By Lorraine Clark
This learn lines affinities among the past due prophetic poems of William Blake and the paintings of the thinker Soren Kierkegaard. either characteristic thoughts (the Spectre fought by means of Blake's poet-prophet Los, and Kierkegaard's thought of "dread") embodying a spirit of philosophical negation, skepticism, and dialectic which the writers sought to withstand. Lorraine Clark makes use of Kierkegaard's philosophy to light up Blake's prophecies, exhibiting that either provide the foundation for a profound critique of romanticism, whereas themselves participating of a few of the beliefs and tensions valuable to our figuring out of the romantic flow.
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Extra resources for Blake, Kierkegaard, and the Spectre of Dialectic
Sin is the perversion or negation of value distinctions, for to worship someone or something other than God is to hold it up as equal or superior in value to God. It is to upset the proper hierarchy of values. For Blake throughout most of his career, not idolatry but hierarchy (what Blake calls "jealousy") is the sin - that is, division jfr^r se, God's selfishly possessive withholding, via his prohibition, of his own knowledge and superiority. And it is the division between the sexes which keeps them in perpetual "torments of love and jealousy," fruitlessly trying either in torments of desire to cross the unpassable gulf, or in acts of selfish possessiveness and "chastity" to fix it more firmly between them.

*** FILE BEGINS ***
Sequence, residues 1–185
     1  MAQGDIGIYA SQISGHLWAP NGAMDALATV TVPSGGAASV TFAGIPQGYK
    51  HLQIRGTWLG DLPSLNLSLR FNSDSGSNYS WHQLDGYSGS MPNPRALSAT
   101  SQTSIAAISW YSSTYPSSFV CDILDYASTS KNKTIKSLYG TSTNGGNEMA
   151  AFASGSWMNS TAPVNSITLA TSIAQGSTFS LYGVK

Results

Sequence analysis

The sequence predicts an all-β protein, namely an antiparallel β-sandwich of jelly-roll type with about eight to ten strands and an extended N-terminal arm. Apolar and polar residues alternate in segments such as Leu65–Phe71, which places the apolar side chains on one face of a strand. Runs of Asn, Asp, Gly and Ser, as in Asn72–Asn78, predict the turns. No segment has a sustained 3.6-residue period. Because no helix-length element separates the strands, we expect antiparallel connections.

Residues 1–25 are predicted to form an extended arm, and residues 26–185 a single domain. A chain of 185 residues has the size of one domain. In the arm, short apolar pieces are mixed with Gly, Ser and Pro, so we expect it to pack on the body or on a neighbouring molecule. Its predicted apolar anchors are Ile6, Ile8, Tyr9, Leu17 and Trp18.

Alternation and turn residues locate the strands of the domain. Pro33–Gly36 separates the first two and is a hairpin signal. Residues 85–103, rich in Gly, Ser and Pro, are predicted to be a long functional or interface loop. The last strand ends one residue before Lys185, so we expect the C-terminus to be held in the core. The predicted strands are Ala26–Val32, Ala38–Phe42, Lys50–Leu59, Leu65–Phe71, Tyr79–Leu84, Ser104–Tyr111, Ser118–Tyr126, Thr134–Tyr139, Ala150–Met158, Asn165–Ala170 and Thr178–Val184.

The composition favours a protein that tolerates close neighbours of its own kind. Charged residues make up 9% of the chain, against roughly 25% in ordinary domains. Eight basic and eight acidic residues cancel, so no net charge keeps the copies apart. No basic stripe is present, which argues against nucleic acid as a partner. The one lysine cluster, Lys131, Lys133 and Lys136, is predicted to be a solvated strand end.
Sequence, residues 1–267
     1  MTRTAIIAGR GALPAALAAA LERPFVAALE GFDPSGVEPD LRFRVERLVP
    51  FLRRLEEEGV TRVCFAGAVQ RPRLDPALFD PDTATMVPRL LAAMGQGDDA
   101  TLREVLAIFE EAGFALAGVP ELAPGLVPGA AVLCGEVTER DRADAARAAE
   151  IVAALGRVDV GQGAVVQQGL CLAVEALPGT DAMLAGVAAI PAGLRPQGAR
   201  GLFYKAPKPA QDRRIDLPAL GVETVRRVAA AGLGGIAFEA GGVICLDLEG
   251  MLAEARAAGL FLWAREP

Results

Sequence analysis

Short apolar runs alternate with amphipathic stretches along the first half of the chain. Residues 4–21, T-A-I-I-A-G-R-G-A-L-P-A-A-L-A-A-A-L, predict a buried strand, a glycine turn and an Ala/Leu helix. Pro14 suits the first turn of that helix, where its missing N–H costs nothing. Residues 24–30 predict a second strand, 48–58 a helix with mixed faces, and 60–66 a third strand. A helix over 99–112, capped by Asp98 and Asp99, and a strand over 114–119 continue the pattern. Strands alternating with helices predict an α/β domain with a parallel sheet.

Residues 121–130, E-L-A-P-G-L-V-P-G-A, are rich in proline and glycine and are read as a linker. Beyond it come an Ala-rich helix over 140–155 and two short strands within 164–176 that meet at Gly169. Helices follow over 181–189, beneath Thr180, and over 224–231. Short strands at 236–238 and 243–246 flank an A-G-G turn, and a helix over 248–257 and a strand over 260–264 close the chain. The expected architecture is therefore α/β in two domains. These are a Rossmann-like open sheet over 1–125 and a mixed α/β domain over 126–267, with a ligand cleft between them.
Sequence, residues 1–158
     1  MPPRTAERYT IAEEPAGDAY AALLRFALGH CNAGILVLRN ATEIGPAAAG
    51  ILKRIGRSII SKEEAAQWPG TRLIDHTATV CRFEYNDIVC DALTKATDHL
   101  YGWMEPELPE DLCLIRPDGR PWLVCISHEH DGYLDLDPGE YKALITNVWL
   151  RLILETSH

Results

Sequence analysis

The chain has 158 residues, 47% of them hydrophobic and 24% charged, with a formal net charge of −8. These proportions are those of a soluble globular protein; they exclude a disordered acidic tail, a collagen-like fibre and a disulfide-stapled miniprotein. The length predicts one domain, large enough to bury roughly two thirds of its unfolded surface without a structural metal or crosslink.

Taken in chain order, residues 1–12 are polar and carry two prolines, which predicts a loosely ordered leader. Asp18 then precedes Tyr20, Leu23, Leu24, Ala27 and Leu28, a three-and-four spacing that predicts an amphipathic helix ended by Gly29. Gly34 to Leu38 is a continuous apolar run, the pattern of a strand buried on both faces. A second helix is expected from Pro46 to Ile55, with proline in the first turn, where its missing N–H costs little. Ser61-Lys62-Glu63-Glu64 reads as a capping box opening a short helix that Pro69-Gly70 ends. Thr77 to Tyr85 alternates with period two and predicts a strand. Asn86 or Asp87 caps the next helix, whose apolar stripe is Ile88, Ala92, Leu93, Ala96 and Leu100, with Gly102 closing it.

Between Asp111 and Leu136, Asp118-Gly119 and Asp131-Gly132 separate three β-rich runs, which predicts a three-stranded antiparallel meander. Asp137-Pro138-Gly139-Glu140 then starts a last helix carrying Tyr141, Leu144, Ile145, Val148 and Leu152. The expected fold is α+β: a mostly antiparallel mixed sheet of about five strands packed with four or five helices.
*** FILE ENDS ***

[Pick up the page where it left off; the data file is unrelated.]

The prohibition is Milton's "wirey bounding line," what shapes the key ideas of Paradise Lost. It is a line of decisive differentiation, of qualitative distinction, a line which seemingly fixes an "unpassable g u l f between God and man, man and woman, and heaven and hell. Yet this gulf for Milton does not mean that man is inherently The Spectre and the logic of error 33 fallen: the sin is not divisionary, but "idolatry," substitution of the wrong alternative for the right. Sin is the perversion or negation of value distinctions, for to worship someone or something other than God is to hold it up as equal or superior in value to God.
Milton's qualitative divisions between God and man, reason and passion, might lead to the tyranny of abstraction - God and reason - over life. Yet the mediation of these divisions could only be effected within some higher unity which negated the energy of the contraries in an equally tyrannical abstraction from life. Further, mediation was an even greater danger to life than was division. For this spectre of false unity looked too much like the Los of true unity, and this hypocritical parody was far more dangerous than open opposition.